My husband, Will Davies, and I are Whalebone Films, a documentary production company now based in Hastings. We’ve made films on an array on subjects, Evangelical Climate Change activists in the US, non-Custodial motherhood, Lobster fisherwomen, and launderettes. We’ve worked with The Guardian, BBC, Nowness and Topic among others. We also produce a lot of films for NGOs such as Oxfam, Save the Children and Wateraid, and through our work have been lucky enough to film in more than 25 countries.
We came to Hastings quite randomly. We’d just finished a bike trip from England to China, and the idea of returning to a canal boat in London (where we’d been living before) seemed suddenly quite exhausting after having spent a year camping on the side of roads or in kind strangers’ gardens. Settling in Hastings came about because I’d been to Jack in the Green a couple of times and thought it seemed fun. It wasn’t meant to be our “forever place” but somewhere to take a breath before our next adventure. It turns out Hastings was our next adventure and living here is constantly inspiring and fulfilling.
It’s certainly inspired our work - over lockdown we made a short film The Bold Fisherman for the BBC about how the fishermen were coping with coronavirus. All shot observing social distancing rules, the film is a meditative look at fishing life, set to the musical backdrop of Hastings-born folk singer Shirley Collins.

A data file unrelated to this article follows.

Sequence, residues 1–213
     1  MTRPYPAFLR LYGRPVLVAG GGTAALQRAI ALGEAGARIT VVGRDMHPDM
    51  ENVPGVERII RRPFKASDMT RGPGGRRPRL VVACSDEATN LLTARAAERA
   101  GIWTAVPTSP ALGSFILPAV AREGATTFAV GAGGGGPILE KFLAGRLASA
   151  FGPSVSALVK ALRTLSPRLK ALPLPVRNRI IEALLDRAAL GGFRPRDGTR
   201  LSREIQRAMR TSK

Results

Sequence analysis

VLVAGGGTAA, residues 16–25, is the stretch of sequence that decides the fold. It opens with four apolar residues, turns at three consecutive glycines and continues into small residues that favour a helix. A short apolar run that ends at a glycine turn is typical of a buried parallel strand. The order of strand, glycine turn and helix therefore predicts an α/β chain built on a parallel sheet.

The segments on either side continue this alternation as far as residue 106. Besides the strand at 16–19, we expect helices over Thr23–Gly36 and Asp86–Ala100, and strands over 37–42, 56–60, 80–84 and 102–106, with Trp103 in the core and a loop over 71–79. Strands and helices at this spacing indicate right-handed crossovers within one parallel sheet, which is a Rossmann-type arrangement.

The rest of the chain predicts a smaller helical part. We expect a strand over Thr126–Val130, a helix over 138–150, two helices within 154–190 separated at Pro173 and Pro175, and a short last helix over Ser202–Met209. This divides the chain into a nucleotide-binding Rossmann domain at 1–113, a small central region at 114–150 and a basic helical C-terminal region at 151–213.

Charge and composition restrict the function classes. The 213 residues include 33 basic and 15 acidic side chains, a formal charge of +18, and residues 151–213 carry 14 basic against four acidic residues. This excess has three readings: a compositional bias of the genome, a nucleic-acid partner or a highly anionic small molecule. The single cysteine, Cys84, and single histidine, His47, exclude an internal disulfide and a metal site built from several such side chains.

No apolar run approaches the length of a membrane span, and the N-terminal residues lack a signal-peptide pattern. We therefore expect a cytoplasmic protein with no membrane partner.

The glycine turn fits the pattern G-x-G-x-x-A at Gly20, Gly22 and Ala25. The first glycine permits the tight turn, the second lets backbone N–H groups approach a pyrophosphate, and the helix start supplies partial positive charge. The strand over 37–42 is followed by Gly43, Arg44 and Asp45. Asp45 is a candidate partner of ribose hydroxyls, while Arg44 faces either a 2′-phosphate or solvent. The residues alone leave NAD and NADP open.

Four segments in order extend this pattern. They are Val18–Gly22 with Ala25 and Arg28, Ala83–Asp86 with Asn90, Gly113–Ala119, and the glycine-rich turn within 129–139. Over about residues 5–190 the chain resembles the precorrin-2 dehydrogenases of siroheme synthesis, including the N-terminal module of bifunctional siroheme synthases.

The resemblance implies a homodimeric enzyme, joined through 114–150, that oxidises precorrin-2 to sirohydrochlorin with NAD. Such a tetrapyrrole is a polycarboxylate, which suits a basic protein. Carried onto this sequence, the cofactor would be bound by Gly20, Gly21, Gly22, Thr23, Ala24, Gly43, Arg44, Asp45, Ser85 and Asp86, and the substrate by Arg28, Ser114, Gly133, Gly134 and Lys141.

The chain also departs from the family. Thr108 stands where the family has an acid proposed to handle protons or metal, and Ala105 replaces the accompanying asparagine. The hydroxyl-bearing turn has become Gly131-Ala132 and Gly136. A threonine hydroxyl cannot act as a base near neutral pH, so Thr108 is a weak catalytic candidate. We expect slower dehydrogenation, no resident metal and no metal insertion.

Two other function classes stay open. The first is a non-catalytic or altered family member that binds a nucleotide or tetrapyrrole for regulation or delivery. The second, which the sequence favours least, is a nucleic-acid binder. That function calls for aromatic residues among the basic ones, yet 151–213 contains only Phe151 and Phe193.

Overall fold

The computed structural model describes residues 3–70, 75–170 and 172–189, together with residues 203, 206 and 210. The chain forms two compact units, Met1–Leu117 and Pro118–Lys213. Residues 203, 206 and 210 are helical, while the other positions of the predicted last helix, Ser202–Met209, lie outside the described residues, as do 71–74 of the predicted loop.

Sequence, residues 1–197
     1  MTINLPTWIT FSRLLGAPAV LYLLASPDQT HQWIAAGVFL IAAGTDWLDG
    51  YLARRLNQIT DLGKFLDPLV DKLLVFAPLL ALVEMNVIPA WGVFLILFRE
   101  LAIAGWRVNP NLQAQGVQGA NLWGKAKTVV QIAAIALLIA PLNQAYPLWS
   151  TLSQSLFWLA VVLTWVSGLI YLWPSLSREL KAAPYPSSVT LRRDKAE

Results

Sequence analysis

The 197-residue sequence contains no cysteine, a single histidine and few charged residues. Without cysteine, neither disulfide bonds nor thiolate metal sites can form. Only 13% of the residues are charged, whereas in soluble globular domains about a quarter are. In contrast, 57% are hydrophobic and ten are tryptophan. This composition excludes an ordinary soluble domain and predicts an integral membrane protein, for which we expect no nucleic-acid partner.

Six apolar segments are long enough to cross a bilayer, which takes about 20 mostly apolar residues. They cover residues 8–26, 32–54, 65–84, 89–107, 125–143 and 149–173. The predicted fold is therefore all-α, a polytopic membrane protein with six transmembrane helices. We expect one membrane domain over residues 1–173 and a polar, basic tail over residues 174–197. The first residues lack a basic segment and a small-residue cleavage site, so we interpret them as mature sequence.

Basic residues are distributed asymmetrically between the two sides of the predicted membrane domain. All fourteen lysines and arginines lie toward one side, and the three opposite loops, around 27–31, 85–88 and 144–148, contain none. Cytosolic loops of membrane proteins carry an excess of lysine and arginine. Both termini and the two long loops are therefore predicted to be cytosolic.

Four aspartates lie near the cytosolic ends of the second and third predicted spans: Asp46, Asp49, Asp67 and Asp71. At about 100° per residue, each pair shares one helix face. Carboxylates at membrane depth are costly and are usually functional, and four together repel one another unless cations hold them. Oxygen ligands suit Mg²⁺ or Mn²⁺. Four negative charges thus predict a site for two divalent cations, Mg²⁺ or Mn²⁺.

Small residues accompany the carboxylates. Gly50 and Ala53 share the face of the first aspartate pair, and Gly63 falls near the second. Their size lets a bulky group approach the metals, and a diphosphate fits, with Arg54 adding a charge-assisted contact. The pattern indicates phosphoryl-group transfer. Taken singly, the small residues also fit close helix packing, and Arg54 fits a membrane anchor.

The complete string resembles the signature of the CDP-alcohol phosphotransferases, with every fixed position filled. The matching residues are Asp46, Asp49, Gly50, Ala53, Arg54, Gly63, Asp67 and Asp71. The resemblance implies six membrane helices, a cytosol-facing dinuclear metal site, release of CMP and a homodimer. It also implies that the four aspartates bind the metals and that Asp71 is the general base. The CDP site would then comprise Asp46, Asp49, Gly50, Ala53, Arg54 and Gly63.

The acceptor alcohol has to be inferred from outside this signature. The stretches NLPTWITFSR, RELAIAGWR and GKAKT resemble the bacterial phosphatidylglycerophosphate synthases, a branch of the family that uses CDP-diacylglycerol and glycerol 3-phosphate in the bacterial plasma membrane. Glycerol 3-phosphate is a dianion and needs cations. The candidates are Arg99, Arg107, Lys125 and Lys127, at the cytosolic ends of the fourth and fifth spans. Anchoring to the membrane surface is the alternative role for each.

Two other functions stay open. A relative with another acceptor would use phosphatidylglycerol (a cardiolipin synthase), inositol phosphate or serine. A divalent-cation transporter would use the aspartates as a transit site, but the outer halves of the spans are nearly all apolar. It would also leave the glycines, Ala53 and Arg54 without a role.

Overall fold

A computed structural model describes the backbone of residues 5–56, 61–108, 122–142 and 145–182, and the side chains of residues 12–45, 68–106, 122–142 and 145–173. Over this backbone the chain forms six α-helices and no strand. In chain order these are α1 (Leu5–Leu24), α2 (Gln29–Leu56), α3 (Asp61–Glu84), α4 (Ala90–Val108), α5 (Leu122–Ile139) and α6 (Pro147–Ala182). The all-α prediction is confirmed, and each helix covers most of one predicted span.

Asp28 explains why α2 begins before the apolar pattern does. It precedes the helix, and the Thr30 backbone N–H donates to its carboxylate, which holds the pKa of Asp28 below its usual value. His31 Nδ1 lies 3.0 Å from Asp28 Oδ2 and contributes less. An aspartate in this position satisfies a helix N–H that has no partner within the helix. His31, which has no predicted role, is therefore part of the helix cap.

We’ve almost finished Canary, a film that came about through a chance encounter in St-Leonards with Roxanne. The film follows Roxanne and another Sussex local, Rachel, who both suffer from an allergy to wifi and mobile phone signal, amongst other chemical and electrical sensitivities.
We’re now developing a feature about the ever-changing Warrior Square.
I worried that moving here, away from London, would affect our careers, but on the contrary, it’s only helped take us further. Around every corner, it seems, is a film idea, or otherwise, someone fascinating to have a conversation with. We work very often with other locals on our projects and share a studio with a group of filmmakers, and photographers.
Now, happily living in the Old Town, with a son, and a new baby on the way, it seems that, maybe, Hastings is our forever place afterall.
Watch Chloe and Will's BBC short film about the Hastings fishermen during coronavirus:
Keep an eye out to meet Chloe and Will at a film event TBC at the cinema in the new year.
Get the latest news from the cinema via our weekly enewsletter: